What is Dual-Diagnosis Treatment?
Dual Diagnosis is a treatment practice that cares for people who suffer from both addiction and a psychiatric condition.
For example, you may be addicted to any mood or mind altering substance, sex, and gambling. You may also have a psychiatric disorders that include bi-polar disorder, depression, and schizophrenia.
Half of Those Suffering From Addiction Also Suffer From a Mental Health Disorder
Many people struggling with a substance use disorder have underlying issues. These dual diagnosis may have been left untreated for years. This alone plays an overwhelming role in the sky-high incidence of relapse. Dual diagnosis was introduced over 20 years ago. However, the diagnosis is still not understood by a large number of people.
Mental health conditions can cause changes in thought, emotion and behavior and interfere with healthy social functioning. Mental illnesses negatively impact mood, health and sense of wellbeing. They can cause problems with relationships, employment and other life domains.
The most common mental illnesses are anxiety and depression. According to the American Psychiatric Association, around 40 million Americans suffer from an anxiety disorder in any given year, and 14.8 million live with major depression.1 All told, nearly 20 percent of all American adults have some form of mental illness at any given time.
Mental illness is a medical condition involving the brain, and it’s treatable. The most common and successful treatments for mental illness are a combination of medicine and counseling. Medications balance neurotransmitters, or brain chemicals, that are involved in the illness. Counseling helps individuals cope with symptoms and change dysfunctional thought and behavior patterns that stem from–and contribute to–the mental illness.
Substance Use Disorders
Substance abuse, addiction and dependence are all diagnosed under the umbrella of substance use disorder, which is classified as mild, moderate or severe, depending on how many diagnostic criteria you meet. But substance abuse, addiction and dependence are not the same things.
Substance abuse is the act of using drugs or alcohol in a way that causes problems in your life, such as relationship, financial, legal or health problems. The most common form of substance abuse is binge drinking.
The Centers for Disease Control reports that one in six Americans -37.4 million people- binge drink around once a week, consuming around seven drinks during the binge.
Using any illegal drug, or using prescription drugs in a way other than exactly as prescribed, are forms of substance abuse, because they put you at risk for legal troubles and can lead to dangerous situations.
Addiction may result from heavy substance abuse. If you’re addicted, you’ll continue to abuse drugs or alcohol despite the negative consequences of doing so. You may want to quit or try to stop using but find you can’t.
Addiction is the result of physical and chemical brain changes that lead to compulsive drug-seeking and drug-using behaviors, driven by intense cravings caused by a re-wiring of the brain’s reward circuit.
Addiction almost always has underlying causes, such as chronic stress, a history of trauma, or a mental illness. It changes the way you think and behave, and it causes serious problems in your life.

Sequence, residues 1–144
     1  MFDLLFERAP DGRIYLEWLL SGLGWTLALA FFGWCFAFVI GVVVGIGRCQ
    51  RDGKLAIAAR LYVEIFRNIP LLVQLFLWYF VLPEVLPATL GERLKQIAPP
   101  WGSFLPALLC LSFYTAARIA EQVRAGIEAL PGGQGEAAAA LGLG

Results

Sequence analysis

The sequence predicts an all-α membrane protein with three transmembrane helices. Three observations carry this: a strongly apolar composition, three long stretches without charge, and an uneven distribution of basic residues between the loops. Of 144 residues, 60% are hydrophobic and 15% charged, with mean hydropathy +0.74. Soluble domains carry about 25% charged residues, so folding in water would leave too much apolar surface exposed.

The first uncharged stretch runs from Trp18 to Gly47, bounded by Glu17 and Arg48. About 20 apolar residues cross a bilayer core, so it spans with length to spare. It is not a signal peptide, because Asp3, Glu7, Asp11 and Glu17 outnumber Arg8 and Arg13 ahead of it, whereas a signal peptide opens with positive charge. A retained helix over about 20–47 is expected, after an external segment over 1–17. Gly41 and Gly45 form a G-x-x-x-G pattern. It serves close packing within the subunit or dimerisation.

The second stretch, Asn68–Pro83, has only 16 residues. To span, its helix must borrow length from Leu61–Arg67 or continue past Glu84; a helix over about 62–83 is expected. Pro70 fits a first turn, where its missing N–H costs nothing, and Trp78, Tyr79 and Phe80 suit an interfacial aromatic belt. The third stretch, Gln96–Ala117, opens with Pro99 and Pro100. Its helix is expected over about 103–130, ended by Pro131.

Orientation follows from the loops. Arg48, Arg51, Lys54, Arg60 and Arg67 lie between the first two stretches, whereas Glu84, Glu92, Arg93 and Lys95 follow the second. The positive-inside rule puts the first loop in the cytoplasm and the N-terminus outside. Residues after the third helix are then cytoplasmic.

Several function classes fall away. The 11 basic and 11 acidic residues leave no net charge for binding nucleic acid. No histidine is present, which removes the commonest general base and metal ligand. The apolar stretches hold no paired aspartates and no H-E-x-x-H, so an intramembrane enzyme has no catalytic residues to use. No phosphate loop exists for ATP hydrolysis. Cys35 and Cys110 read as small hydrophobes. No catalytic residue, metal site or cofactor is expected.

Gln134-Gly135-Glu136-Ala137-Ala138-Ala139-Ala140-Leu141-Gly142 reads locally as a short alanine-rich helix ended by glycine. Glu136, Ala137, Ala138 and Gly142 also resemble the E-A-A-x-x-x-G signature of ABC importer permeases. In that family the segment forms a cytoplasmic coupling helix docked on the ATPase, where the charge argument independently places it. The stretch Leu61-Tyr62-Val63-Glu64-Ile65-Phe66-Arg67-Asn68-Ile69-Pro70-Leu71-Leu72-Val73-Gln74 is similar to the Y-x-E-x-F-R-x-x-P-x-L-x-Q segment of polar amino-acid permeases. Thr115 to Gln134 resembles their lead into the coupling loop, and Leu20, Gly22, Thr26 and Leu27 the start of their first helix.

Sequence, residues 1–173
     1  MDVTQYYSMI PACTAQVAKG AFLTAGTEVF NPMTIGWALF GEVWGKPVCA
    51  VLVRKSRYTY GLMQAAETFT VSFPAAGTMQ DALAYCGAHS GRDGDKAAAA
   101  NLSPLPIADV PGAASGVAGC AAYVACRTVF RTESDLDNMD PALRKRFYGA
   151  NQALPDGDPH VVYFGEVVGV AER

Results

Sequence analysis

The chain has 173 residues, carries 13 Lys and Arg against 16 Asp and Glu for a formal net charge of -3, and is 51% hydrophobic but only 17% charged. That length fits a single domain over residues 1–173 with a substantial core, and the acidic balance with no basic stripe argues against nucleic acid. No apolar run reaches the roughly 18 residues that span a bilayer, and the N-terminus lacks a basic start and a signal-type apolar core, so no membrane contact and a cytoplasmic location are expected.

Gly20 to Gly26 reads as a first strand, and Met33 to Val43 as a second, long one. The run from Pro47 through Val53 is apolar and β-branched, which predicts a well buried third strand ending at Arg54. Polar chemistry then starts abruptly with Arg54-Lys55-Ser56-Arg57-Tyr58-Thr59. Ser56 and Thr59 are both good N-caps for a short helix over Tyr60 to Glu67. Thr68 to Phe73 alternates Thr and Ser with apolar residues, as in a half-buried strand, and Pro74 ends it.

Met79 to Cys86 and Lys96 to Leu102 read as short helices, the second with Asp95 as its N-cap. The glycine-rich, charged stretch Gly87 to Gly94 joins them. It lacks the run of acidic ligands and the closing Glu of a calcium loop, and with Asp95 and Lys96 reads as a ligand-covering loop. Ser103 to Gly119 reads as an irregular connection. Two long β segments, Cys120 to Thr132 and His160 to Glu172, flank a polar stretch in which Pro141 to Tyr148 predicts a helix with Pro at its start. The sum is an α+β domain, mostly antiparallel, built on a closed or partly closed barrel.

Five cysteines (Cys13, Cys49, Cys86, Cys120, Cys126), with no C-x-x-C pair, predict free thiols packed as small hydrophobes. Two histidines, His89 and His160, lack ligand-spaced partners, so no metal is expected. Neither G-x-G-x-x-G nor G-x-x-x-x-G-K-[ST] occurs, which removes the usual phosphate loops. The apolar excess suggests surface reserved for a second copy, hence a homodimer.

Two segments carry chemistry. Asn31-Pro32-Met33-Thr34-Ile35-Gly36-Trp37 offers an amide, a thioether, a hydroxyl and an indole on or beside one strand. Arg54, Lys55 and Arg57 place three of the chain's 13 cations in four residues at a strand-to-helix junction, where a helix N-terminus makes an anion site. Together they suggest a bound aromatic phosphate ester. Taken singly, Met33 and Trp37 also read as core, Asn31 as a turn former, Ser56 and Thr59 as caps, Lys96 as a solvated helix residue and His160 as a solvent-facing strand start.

Dependence is a physical reliance on drugs or alcohol marked by withdrawal symptoms that occur when you stop using. With heavy substance abuse, the brain changes its chemical function in order to compensate for the substance. For example, alcohol initially increases the activity of GABA, a neurotransmitter that causes feelings of calm and well-being. At the same time, it decreases the activity of glutamate, which is responsible for feelings of excitability. But heavy alcohol abuse causes the brain to compensate by reducing the activity of GABA and increasing the activity of glutamate.
As a result, tolerance develops, which means you need larger amounts of alcohol to get the desired effects. But as you drink more, the brain continues to compensate, and at some point, the chemical function of the brain may shift so that it now operates more comfortably when alcohol is present than when it’s not. Then, when you suddenly stop using the substance, normal chemical brain function rebounds, and this causes the onset of physical withdrawal symptoms.
Why Co-Occurring Disorders Are So Common
According to the National Institute on Drug Abuse, people who have a mental illness are twice as likely as those who don’t to develop a substance use disorder. Conversely, people who have a substance use disorder are twice as likely as those who don’t to develop a mental illness.
Dual diagnosis is very common. The National Alliance on Mental Illness points out that around one-third of people who have any type of mental illness, such as anxiety or depression, and half of those with a severe mental illness, such as schizophrenia or bipolar, also have a substance use disorder. 2 Additionally, around one-third of people who heavily abuse alcohol and more than half of people who abuse drugs also have a mental illness.
The connection between mental illness and substance abuse is well-established and well-understood. Three overarching scenarios help explain the link:
- Drug or alcohol abuse may cause a mental illness to develop, or it can worsen an existing mental illness. This is due to the chemical changes that occur in the brain with heavy substance abuse.
- People who have a mental illness are very likely to self-medicate with drugs or alcohol in an attempt to reduce the discomfort of the symptoms.
- Overlapping factors for both mental illness and substance abuse, such as stress and trauma, put some people at a higher risk of developing co-occurring disorders.
Dual Diagnosis Risk Factors
Overlapping Genetic Risks
A number of areas of the human genome play a role in the development of both substance use disorders and mental illnesses. Some genes have a direct influence, such as the way the body metabolizes drugs or alcohol. Other genes have an indirect influence, such as a tendency toward taking risks.
Involvement of Similar Brain Regions
Some brain regions are involved in both substance use disorders and mental illness. For example, the neurotransmitter dopamine, which is a major player in the reward circuit of the brain, plays a role in both addiction and depressive disorders.
Environmental factors, such as high stress or a dysfunctional family system, can influence both substance abuse and mental illnesses. For example, chronic stress can lead to an anxiety disorder, which can lead to self-medication with drugs or alcohol.
Mental Illnesses Commonly Cited in Dual Diagnosis
While any mental illness can co-occur with a substance use disorder, some are more common than others when it comes to dual diagnosis.
Anxiety disorders include generalized anxiety disorder, panic disorder and social anxiety disorder. These disorders produce a sense of doom and may cause sleep disturbances and feelings of restlessness. It’s common for people to use drugs or alcohol to reduce feelings of anxiety or to bring on sleep.